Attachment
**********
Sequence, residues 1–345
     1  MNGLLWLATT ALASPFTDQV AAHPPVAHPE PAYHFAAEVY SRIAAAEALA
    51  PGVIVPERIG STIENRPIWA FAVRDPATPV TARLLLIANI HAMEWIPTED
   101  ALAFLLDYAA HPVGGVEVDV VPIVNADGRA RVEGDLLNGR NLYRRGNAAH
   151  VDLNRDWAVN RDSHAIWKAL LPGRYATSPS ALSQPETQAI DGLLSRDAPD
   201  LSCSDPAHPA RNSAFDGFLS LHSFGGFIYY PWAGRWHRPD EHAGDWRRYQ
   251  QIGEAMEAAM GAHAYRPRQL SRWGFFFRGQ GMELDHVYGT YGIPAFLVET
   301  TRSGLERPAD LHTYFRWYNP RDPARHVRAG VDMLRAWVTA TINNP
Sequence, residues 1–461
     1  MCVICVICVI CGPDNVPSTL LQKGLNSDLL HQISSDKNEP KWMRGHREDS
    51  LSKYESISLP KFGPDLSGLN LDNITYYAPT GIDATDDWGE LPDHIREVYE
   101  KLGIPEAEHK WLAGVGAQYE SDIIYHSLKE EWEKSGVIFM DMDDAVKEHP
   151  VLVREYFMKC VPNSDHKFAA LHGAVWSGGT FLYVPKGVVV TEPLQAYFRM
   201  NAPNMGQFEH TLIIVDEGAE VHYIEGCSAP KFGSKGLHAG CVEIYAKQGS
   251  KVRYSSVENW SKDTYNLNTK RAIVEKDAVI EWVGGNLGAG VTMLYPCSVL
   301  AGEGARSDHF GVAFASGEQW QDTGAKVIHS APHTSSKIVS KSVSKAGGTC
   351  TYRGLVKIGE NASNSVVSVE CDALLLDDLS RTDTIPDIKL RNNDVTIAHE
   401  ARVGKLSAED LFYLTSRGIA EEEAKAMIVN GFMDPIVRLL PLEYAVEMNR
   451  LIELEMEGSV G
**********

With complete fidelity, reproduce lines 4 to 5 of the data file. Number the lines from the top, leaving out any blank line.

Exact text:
   101  ALAFLLDYAA HPVGGVEVDV VPIVNADGRA RVEGDLLNGR NLYRRGNAAH
   151  VDLNRDWAVN RDSHAIWKAL LPGRYATSPS ALSQPETQAI DGLLSRDAPD